The poor averages of the German automotive industry are of course something which haven't come about from one day to the next, but have been like this for many years.
      When you read that the Germans come last in CO2, after the French, Italians and CO2 vehicles, we are of course talking about absolute figures. In relative terms this is actually a lot worse: Germany has the largest population and GDP in Europe and are also rather natsionalistic when it comes to buying cars (compare national market shares of national brands in Germany, Italy and France). In other words they are technologically "backwards" despite having a huge market advantage.

      In CNG there are 20 vehicles in Italy (with a fleet of over 400,000) for every CNG car in Germany (again, consider the relative population and overall fleet figures!). The bio-fuel push in Europe, on the hand, is being led by France.

      In the Energy sector the situation is very similar: it's seen be said for years that coal-energy production would be phased out, but in fact scores of new coal-powerplants have just been approved:
      "Efforts by the German Chancellor, Angela Merkel, to put Europe at the forefront of cuts to greenhouse gases are being threatened by her own government's plan to build 26 coal-fired power stations."
      Germany's coal power plans threaten EU climate goal

      At the time a lot of the most intersting new European alternative energy projects are coming from outside Germany - these include biomass, energy from the sea, thermodynamic-solar etc etc

      Enough propaganda already.....
      • 7 Years Ago
      Pretty soon this CO2 stuff will finally start to get real. Instead of talk, falling well short of goals and relying on Germany's inflated early post-reunification CO2 figures, Germany and other countries will actually have to make serious changes to reduce CO2 output.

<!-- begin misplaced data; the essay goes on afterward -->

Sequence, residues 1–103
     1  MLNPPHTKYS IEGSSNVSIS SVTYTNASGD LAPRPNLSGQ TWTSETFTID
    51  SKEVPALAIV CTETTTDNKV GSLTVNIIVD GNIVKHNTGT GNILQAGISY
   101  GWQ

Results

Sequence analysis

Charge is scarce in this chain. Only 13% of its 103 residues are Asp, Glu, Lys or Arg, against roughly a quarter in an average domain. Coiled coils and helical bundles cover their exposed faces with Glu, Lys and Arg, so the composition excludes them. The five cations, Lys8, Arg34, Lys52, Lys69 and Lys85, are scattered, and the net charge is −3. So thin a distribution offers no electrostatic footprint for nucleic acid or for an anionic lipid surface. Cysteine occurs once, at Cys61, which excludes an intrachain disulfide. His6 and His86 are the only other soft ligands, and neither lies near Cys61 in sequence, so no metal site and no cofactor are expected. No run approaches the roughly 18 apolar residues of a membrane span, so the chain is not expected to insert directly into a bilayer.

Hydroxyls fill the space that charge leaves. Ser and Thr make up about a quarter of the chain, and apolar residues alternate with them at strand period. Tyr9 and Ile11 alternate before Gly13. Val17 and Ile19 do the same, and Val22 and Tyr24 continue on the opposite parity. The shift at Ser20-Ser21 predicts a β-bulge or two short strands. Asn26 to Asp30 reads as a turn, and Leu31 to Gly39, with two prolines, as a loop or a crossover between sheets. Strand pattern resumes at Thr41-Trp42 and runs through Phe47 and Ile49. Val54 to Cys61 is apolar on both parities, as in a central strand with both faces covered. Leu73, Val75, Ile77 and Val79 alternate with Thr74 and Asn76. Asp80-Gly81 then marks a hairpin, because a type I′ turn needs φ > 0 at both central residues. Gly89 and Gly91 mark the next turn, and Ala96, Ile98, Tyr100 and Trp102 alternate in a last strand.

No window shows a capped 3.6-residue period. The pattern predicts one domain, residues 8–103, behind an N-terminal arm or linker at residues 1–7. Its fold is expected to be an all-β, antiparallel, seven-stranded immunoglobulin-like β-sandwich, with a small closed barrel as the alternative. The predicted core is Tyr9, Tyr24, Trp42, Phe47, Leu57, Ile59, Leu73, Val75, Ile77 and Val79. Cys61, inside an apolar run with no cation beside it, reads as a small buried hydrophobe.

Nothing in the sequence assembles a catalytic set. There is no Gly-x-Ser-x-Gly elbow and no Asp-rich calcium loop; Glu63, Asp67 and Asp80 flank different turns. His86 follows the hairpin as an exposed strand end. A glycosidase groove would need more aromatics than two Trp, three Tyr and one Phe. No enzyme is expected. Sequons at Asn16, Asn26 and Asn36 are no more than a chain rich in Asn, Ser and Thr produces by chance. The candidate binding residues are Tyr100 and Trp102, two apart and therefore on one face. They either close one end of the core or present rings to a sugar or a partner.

Carbon capture and storage will be big, and other structural changes. Then we can finally start to get somewhere. Well, if you ignore that we've just transferred all these emissions over to China through outsourcing.
      • 7 Years Ago
      #1, The German Chancellor reminds me of Hillary Clinton and most liberals and Neocons who act like Forrest Gump and float like a feather in the winds of public opinion polling and corporate/special interest lobbing bribes.
      • 6 Years Ago
      Poor Angela has got to quit listening to this IDIOT Hans.
      • 7 Years Ago
      The Germans never cease to amaze me. Only a few weeks ago Angela Merkel took up a position which was against the interests of the Environment and of Europe simply because, car-segment by car-segment, the German cars come last in Europe in terms of CO2 and other emissions, behind the French, Italians and Japanese. It is thanks to Angela Merkel that the new EU directive for car CO2 emissions has been significantly watered down.

      ... and now she feels no shame, after just a few weeks, in coming out and saying we need to do something about CO2? **** *** !!